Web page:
There are two main aims of this proposed amendment.

1. Constitutional recognition

The first is constitutional recognition of Australia’s Indigenous peoples. They are not currently mentioned at all in the Commonwealth Constitution. Many politicians, including John Howard and Tony Abbott, have proposed that Aboriginal and Torres Strait Islander peoples be recognised in the Constitution. But recognition can take different forms.

The type of recognition proposed in this current amendment goes beyond just words on a page. It is no mere formulaic opening recitation.

True recognition involves giving another person enough respect to stop and hear their voice. This proposed amendment provides real recognition in daily life by ensuring Aboriginal and Torres Strait Islander peoples have a voice, and can be heard about laws and policies that are likely to affect them.

2. Practical change

The second aim is to achieve practical change. It is well known that Aboriginal policies and laws have been far from successful in the past. This is unsurprising, since those who make laws and policies in Canberra are largely removed from the impact they have on the ground.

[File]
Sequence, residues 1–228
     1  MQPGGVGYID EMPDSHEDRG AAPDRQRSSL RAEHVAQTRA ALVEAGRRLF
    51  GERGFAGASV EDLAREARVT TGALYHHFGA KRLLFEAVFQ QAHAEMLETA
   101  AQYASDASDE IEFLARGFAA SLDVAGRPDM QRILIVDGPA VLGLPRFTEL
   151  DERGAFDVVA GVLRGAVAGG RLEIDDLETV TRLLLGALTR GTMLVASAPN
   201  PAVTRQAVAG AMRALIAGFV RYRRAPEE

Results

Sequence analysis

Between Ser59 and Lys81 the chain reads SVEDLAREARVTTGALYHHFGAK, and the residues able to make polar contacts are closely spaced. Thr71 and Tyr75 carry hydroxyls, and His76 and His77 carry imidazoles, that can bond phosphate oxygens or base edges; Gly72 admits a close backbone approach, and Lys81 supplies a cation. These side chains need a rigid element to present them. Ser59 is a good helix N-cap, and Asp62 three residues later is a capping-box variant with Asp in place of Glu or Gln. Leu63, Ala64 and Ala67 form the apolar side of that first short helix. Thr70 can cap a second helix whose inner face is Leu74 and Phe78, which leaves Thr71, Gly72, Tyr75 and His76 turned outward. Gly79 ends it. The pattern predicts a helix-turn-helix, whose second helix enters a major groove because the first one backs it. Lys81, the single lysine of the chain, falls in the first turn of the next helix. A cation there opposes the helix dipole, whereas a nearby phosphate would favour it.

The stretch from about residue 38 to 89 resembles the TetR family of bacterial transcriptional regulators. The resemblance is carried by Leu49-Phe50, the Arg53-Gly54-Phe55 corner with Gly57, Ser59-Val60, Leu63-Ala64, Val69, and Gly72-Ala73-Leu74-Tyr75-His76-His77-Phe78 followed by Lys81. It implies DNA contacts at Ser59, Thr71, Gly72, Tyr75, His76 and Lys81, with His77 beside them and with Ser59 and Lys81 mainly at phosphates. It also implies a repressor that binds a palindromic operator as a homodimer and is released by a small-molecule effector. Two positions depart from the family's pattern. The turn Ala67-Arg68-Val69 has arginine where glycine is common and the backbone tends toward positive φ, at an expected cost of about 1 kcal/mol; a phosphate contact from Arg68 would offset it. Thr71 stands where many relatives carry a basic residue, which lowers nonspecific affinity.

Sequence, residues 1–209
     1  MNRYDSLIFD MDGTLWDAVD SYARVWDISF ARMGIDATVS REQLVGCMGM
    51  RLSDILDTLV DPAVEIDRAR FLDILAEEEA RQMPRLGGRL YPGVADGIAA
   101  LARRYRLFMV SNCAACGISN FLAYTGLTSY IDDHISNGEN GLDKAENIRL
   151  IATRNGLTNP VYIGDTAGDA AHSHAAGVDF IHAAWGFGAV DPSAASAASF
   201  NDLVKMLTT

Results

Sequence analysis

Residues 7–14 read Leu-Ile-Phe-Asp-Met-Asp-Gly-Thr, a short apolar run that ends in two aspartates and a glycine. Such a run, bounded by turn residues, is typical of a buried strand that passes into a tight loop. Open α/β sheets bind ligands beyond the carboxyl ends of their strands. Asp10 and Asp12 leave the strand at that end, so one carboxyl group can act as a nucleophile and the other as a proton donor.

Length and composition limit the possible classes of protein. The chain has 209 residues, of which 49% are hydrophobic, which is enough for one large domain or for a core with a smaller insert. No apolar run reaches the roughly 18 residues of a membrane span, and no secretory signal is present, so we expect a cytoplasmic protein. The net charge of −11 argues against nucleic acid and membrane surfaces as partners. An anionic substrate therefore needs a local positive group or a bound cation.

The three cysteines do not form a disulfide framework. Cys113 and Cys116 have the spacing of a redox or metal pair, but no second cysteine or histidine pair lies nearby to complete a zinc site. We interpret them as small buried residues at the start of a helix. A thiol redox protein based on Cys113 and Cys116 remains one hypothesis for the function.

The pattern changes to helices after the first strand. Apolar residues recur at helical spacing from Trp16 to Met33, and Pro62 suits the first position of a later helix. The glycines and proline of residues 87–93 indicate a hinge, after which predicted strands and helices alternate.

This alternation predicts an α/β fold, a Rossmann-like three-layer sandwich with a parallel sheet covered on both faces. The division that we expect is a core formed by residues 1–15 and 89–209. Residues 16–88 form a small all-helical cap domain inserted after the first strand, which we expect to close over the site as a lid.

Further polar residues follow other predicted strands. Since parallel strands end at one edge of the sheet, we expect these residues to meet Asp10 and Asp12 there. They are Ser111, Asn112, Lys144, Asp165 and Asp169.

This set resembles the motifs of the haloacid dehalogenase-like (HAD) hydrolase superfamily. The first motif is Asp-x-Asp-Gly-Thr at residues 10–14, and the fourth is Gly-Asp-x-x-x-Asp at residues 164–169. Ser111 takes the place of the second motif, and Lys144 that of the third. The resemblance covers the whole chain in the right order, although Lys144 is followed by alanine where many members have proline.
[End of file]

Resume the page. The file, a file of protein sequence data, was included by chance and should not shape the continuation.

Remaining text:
With the best will in the world, it is impossible truly to understand the issues affecting a person’s life without walking in their shoes. Giving the people who have walked in those shoes a voice to inform governments about the likely effect of proposed laws and policies, and suggest how they might be altered to be more successful, will hopefully lead to better practical outcomes.

The question

The prime minister has also identified some proposed wording for the question to be asked in a referendum. Its wording is a little unusual.

Section 128 of the Constitution requires a referendum to change the Constitution, and says that it is passed when a majority of electors overall and a majority of electors in a majority of states “approve the proposed law”.

So the question needs to be formed in such a way that voters are approving the “proposed law” to change the Constitution – not approving an idea, a principle or the creation of a new body.